Mapped out: Britain’s most popular walks

A stunning new map created by OS Maps reveals Snowdonia, Peak District and the Lake District as the most popular places to walk in Britain

Walkers make their way up to the summit of Snowdon, Gwynedd

OS Maps have released a poster illustrating Britain’s most trodden paths of 2018. The map, based on data provided by OS Maps users sharing their walking and cycling routes, beautifully portrays the well-heeled trails across our countryside, with Snowdon topping the list of busiest locations for the sheer number of routes passing through.

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A male hiker admires the view from the top of Catbells in the Lake District National Park, Cumbria, England.
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Image courtesy of OS Maps

Jason Rawles, Chief Adventure Officer for Aspire Adventures, and one of the original OS GetOutside Champions, says: “Snowdon, or Yr Wyddfa to give it its Welsh name, really is the mountain that doesn’t discriminate. It has something for everyone and is a wonderful lump of awesomeness. I’ve summited hundreds of times, and on the way up or down I’ve had the privilege of chatting with people from all kinds of backgrounds. Snowdon can be a wonderful kaleidoscope of humanity.”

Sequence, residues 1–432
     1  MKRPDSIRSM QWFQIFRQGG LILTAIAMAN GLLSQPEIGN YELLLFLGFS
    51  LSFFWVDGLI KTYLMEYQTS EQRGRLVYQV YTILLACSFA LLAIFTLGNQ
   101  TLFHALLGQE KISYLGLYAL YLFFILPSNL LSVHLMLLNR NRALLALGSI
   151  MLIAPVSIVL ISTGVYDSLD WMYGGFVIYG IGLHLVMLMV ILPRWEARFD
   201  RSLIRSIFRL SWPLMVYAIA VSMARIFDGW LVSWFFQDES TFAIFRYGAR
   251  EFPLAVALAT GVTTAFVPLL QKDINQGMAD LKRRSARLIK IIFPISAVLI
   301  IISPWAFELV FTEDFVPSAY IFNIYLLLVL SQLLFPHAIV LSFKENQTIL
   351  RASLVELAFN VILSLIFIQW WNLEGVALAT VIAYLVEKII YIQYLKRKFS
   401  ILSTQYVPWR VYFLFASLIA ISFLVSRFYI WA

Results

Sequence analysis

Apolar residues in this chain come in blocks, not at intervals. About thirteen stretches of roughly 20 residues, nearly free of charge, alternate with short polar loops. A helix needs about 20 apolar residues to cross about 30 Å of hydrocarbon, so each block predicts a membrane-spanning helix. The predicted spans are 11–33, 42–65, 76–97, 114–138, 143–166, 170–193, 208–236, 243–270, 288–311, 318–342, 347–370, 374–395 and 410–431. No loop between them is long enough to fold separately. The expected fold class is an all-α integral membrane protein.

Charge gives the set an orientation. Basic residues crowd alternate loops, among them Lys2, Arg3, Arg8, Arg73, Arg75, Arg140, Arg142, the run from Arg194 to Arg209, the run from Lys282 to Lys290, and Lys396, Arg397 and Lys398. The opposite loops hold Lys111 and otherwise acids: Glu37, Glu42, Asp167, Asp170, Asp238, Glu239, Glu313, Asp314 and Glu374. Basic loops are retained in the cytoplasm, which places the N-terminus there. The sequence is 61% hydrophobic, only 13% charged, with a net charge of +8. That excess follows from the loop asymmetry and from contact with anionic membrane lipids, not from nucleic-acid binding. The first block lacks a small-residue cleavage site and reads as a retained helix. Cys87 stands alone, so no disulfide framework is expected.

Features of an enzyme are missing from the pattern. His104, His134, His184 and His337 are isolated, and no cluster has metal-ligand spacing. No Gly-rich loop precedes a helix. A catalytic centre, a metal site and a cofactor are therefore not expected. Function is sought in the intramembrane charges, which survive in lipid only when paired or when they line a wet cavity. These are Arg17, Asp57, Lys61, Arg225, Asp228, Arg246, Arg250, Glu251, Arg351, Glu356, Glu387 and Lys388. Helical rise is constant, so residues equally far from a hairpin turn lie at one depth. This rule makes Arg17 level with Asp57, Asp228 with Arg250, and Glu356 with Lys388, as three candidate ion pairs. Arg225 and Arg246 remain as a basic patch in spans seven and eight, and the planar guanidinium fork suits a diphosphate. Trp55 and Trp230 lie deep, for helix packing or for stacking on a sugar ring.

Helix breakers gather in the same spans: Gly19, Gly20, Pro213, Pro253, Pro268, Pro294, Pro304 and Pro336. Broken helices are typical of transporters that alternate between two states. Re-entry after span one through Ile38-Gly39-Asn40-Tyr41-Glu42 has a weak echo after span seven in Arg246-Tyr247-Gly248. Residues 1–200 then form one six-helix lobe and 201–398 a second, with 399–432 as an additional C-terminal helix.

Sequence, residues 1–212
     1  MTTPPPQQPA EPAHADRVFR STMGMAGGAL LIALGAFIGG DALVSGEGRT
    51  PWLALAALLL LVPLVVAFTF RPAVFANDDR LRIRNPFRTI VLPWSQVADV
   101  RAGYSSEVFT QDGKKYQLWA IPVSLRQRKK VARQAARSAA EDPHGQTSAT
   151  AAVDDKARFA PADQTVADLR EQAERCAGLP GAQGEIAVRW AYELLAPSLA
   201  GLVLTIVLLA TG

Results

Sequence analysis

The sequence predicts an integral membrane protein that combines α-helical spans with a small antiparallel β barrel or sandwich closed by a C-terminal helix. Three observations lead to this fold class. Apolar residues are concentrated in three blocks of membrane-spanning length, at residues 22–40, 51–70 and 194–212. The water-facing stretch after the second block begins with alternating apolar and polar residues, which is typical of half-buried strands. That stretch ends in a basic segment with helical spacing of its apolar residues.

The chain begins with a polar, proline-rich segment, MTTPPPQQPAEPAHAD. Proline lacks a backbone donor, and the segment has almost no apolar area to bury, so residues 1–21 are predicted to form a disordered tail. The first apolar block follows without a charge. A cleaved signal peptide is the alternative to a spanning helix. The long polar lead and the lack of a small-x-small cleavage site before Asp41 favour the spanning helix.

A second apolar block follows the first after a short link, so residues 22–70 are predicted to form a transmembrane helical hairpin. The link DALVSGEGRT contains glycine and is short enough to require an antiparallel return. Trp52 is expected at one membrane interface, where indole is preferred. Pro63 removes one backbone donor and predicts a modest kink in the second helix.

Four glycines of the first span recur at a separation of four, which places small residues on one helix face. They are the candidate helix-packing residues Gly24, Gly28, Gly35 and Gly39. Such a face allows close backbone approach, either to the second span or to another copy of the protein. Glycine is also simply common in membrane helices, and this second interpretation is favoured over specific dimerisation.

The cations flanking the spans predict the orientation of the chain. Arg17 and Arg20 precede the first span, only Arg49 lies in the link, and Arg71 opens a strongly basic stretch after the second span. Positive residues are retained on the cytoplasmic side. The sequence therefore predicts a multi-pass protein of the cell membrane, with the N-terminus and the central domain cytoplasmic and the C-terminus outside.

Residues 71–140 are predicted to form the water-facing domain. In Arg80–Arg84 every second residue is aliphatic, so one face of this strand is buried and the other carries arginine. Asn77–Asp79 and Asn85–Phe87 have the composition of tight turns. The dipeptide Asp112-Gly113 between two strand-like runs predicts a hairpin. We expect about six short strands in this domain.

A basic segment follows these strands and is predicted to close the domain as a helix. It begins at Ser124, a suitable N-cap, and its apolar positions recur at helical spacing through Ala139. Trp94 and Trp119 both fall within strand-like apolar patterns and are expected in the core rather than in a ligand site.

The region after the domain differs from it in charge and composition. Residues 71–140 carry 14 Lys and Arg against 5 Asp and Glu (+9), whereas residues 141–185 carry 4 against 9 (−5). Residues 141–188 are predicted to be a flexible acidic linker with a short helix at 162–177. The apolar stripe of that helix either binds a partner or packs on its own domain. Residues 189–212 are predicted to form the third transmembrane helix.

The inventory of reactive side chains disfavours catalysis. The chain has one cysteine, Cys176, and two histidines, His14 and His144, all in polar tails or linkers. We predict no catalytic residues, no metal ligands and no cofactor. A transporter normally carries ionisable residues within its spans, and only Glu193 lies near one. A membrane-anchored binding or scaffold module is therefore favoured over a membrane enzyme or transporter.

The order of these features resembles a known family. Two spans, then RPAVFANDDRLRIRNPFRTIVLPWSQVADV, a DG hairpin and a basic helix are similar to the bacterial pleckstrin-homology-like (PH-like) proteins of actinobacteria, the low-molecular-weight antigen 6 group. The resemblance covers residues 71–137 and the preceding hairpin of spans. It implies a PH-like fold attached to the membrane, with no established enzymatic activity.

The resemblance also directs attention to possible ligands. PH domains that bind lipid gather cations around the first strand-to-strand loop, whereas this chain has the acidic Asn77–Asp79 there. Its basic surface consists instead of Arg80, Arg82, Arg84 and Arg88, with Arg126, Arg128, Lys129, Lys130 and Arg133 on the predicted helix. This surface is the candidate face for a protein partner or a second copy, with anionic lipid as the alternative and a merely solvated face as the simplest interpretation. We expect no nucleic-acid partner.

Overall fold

Meanwhile Edale in the Peak District tops the list for being the nation’s favourite starting point for outdoor exploration. Within easy access of Manchester and Sheffield, Edale is also the start (or end) of the Pennine Way.

Emma Stone, the Peak District NP’s Head of Visitor Experience is delighted with the news: “It’s great to hear that so many people are enjoying the UK’s original National Park. Edale is well known as the start of the world-famous Pennine Way and is surrounded by the iconic walks around Kinder Scout, Lose Hill and Mam Tor. Visitors can arrive in the village by train, which makes it really accessible and means you don’t need to worry about finding somewhere to park.”

Understandably, the National Parks are the most popular places to find routes, while Carmarthenshire, west of the Brecon Beacons, is one of the areas with the fewest recorded routes.

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How did your area fare on the map?